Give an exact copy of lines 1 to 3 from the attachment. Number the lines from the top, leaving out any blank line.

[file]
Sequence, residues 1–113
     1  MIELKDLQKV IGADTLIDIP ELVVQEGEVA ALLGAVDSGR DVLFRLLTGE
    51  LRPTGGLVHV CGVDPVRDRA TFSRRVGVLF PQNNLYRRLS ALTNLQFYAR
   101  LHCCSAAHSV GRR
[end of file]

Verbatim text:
Sequence, residues 1–113
     1  MIELKDLQKV IGADTLIDIP ELVVQEGEVA ALLGAVDSGR DVLFRLLTGE
    51  LRPTGGLVHV CGVDPVRDRA TFSRRVGVLF PQNNLYRRLS ALTNLQFYAR